Saddle of Southern Darkness are a four-piece “evil country” act based in Denver who are simply masters at what they do. I mean, they basically define the subgenre. The group consists of brothers Chase and Trent Williams, Mark Rossi and Robert Van Natta. Each of these members bring a unique aspect to the music which is most noticeable is the amazing vocals. After the release of their debut self-titled masterpiece back in 2015, they haven’t released much music, save for Misery’s Courthouse in 2018, the live album.
I first heard these boys at Fire in the Mountains 2018 in Jackson Hole and they stood out from all other country I’ve heard before. Their live performances are something to truly take in and experience. The thing that truly sets these boys apart from everyone is how strong they are in every aspect of their craftsmanship, from fast paced songs to slow paced songs, harsh vocals to clean and how magnificently consistent they are at songwriting.
A few weeks ago, they kindly sent me a promo of their new EP, The Feral Few (recorded by Pete Deboer), set for an August 2, 2019 release. After the first listen, I was in love. The EP kicks off with a fast paced jam, Killbilly, which offers some amazing riffs and harsh vocals that truly shake the soul. I have to be honest with you, when I first heard the third track, “Death of the Saddle,” I almost couldn’t believe how gorgeous, yet tragic this track is. This is definitely my favorite song on this release by miles and I’m even going to go so far as to say, in my opinion, it is one of the greatest ballads that has ever been written. I don’t want to give you too much information on the lyrics because it’s something you want to experience and interpret for yourself. What I can summarize for you is that the song deals with the themes of ignorance as a product of environment and does it ever hit the nail on the head.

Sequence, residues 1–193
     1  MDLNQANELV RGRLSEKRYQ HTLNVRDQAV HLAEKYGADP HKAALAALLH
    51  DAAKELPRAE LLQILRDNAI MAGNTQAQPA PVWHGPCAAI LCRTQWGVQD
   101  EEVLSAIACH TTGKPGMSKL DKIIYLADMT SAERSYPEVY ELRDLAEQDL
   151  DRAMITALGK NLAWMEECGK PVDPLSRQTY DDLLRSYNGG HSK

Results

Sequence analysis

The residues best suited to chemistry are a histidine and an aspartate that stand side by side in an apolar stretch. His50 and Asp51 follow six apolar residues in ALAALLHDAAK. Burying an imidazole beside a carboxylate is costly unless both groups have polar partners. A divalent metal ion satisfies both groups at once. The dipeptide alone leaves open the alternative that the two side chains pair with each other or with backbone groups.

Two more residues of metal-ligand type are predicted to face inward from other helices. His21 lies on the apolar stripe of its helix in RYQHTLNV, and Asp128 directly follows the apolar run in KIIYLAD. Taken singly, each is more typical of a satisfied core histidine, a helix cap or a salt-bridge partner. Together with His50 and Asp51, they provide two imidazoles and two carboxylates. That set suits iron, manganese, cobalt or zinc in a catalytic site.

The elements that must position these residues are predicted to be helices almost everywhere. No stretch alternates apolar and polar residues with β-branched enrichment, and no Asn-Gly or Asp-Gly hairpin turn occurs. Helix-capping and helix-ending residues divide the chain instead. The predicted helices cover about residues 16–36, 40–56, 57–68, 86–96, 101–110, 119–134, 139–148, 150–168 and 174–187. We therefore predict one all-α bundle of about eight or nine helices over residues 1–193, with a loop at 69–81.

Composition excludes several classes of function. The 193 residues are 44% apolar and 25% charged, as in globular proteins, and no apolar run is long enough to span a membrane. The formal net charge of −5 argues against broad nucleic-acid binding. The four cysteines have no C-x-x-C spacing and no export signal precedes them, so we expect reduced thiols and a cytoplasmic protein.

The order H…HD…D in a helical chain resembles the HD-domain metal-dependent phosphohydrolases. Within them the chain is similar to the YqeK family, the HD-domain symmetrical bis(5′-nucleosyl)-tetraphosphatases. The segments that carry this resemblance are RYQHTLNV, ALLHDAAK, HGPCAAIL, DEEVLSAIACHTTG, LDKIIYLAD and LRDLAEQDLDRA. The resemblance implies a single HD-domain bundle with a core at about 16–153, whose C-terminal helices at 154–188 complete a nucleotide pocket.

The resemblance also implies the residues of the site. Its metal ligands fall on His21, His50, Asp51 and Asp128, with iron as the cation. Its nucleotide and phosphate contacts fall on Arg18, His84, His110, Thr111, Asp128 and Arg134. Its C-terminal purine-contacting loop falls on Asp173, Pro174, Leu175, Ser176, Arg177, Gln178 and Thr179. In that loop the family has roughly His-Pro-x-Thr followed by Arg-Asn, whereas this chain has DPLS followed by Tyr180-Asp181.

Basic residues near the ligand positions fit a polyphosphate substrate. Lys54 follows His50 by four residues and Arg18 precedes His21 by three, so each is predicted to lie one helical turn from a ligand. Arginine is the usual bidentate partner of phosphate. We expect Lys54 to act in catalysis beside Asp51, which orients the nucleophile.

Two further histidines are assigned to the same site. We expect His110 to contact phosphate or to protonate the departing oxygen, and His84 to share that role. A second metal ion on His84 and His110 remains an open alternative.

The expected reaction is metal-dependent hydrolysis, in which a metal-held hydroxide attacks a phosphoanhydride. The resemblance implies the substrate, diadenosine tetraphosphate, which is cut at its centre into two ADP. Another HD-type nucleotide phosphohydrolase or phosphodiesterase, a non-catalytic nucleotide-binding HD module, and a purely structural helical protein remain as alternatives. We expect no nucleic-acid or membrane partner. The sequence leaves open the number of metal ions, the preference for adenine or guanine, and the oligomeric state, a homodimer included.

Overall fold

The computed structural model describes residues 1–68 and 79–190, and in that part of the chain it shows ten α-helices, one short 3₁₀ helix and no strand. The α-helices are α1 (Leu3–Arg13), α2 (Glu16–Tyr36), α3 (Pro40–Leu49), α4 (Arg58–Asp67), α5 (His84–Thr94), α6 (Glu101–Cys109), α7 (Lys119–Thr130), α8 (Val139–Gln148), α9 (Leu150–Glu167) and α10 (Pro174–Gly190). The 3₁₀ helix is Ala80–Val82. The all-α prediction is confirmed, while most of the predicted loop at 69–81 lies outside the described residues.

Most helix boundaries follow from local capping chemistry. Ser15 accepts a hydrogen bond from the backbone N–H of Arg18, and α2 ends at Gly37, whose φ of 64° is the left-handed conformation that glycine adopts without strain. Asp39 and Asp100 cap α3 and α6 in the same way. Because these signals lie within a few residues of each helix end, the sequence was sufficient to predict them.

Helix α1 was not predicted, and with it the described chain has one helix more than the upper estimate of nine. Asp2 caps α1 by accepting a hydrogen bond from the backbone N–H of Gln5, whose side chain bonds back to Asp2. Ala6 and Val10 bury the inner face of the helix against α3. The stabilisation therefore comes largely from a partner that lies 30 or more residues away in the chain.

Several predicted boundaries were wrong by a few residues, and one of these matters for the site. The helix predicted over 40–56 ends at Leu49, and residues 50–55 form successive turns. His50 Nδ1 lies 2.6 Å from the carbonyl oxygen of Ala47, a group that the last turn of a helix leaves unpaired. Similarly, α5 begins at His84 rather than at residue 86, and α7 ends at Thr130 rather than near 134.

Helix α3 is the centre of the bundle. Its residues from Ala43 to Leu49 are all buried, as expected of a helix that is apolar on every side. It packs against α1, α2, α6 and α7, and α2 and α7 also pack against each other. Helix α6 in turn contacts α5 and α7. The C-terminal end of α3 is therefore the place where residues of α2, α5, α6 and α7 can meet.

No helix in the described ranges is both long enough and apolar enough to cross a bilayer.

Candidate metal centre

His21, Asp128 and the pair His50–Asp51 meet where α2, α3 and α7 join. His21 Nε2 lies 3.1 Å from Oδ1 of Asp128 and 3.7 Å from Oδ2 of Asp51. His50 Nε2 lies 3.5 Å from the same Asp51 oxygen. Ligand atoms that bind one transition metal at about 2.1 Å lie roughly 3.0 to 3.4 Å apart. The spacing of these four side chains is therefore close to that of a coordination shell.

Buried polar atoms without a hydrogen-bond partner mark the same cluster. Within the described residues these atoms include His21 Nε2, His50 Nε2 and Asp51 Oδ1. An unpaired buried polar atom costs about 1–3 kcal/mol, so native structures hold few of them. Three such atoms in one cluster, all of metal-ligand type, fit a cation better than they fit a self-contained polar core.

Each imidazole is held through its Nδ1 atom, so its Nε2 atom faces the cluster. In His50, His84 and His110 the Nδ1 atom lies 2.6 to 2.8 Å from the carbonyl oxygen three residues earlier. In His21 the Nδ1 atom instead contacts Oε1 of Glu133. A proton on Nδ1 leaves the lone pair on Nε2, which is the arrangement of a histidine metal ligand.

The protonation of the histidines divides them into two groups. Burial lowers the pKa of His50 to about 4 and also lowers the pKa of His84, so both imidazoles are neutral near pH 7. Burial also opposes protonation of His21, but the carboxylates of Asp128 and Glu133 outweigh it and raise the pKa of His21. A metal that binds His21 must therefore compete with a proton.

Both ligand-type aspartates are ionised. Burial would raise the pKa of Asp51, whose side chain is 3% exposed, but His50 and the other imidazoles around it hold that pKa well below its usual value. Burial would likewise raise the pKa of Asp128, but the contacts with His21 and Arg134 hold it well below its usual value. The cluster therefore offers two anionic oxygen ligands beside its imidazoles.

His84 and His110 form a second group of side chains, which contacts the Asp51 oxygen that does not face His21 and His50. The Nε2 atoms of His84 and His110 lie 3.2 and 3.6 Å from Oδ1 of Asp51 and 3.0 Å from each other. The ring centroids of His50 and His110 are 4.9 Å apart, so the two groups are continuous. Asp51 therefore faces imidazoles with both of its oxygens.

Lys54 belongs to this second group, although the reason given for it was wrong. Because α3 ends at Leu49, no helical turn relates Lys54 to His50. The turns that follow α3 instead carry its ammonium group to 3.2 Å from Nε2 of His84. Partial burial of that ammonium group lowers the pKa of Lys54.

The last three tracks are positioned absolutely perfect in the tracklist as they always give the listener a moment of quiet time and a chance to really focus in on the lyrics and the tunes. The final track perfectly ties up this EP with a sense of self-reflection which is something we as humans often find when it’s too late. If I would compare Saddle of Southern Darkness’ debut to this I would say that the debut definitely deals with these themes as well but The Feral Few is more subtle and subtlety is something that we don’t often receive in art these days. So far these guys are two for two and each record keeps getting better and better. I cannot recommend this EP enough and when it finally releases to the world, you guys better pick up ten copies each or I’m afraid the Killbilly might hunt you down.